Special Issue: September 2007

Linsey Ettlin Message To Riders

Dear Capitol Corridor riders and friends,

What happened to Capitol Corridor service on Monday evening October 1?
October 1, the first day of our fiscal year started out with a continuation of September’s good record for on-time performance. Then, about 5.30 pm, as train #540 approached Martinez Station, the locomotive pushing the train derailed adjacent to Union Pacific Ozol Yard. After the derailment, train #540’s locomotive also apparently sideswiped a Union Pacific locomotive parked on an adjacent track. While train #540’s locomotive derailed, all passenger cars remained on the tracks, and most passengers were not initially aware of the derailment.
The tracks at the derailment were moved a considerable distance (approximately 4ft.) by the impact of the derailment and all trains in both directions were halted on both sides of the scene. Union Pacific had inspectors on the site to determine if the adjacent main track was in operable condition. Good fortune was on our side and the adjacent main track was determined to be in operable condition, meaning that passenger trains could pass by the derailment site on the other main track once temporary repairs were completed. This all took some time, and Amtrak opened an operations conference call line to ensure that up-to-date information was being provided to the crews, to passengers on trains, and at stations up and down the line, as well as keeping telephone information operators informed of the latest updates. Amtrak police were also dispatched to the scene to assist operating personnel. In addition to train #540, trains #542, 544, 545, 547 and 549 also experienced lengthy delays. The longest delay was for passengers on board train #540, at about 4 hours. San Joaquin trains were also delayed through this area.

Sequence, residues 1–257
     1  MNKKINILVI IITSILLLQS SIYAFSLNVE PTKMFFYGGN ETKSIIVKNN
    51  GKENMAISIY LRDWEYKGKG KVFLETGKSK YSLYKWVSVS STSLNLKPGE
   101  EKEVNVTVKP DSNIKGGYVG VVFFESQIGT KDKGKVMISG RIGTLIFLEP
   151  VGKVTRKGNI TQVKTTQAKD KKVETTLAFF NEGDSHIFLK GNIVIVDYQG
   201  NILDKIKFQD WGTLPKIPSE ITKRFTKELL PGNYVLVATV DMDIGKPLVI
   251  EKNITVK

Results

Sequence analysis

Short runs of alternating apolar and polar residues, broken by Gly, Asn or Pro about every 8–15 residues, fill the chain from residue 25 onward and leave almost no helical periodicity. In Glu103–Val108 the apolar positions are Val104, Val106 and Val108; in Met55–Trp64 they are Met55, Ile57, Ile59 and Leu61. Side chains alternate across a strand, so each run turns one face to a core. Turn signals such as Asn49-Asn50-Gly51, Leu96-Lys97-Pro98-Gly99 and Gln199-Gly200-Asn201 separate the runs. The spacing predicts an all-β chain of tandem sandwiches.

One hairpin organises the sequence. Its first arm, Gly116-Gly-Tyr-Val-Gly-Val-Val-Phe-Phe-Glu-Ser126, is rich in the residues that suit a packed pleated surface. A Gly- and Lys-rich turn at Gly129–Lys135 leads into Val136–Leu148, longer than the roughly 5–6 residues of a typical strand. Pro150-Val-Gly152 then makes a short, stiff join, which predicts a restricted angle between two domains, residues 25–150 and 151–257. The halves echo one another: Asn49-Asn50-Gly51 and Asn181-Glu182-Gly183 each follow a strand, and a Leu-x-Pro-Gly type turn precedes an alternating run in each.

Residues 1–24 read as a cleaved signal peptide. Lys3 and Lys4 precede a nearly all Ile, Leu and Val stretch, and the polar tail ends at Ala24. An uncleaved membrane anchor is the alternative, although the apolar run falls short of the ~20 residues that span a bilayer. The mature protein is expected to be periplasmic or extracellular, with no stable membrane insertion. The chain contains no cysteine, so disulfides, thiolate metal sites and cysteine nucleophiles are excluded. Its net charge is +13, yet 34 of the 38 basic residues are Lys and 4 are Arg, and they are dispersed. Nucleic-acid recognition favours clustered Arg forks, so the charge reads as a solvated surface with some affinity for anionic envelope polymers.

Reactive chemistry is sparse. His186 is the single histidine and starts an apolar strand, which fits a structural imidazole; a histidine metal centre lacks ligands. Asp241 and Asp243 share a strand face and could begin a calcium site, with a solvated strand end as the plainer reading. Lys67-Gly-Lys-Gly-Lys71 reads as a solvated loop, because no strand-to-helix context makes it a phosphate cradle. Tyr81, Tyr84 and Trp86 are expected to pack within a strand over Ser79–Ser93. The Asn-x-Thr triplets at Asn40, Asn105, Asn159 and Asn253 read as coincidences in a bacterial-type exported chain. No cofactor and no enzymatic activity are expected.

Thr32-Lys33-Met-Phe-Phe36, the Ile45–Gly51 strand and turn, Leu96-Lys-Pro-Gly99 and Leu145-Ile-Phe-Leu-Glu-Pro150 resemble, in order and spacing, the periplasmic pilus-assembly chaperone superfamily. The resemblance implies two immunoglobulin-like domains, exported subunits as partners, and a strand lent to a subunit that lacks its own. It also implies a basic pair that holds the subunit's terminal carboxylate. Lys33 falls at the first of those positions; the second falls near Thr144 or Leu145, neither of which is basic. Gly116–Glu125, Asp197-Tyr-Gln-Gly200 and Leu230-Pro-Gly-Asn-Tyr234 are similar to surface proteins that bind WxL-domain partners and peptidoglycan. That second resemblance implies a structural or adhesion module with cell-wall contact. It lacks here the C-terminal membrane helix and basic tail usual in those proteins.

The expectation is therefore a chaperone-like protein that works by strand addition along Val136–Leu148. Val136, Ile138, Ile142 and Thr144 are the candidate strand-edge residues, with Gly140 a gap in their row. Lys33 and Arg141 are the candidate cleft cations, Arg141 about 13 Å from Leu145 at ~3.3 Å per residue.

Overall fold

Derailments are extremely rare in passenger service and cannot be predicted, and this is the first such incident we have had in more than nine years on the Capitol Corridor involving a scheduled train with passengers on board. A thorough investigation is being conducted by Amtrak and Union Pacific to determine the cause of the derailment and implement any identifiable measures that can be taken to help prevent such incidents in the future.
Union Pacific Railroad estimates that repairs to the damaged track could take 36 to 48 hours. Capitol Corridor trains will continue to operate on one main track, which may result in additional delays through the work area.
To make matters more difficult, this derailment occurred in one of Union Pacific Railroad’s busiest routes in Northern California. Please bear with us while repairs are made, so that normal operations can commence. Once again, I apologize for the delay.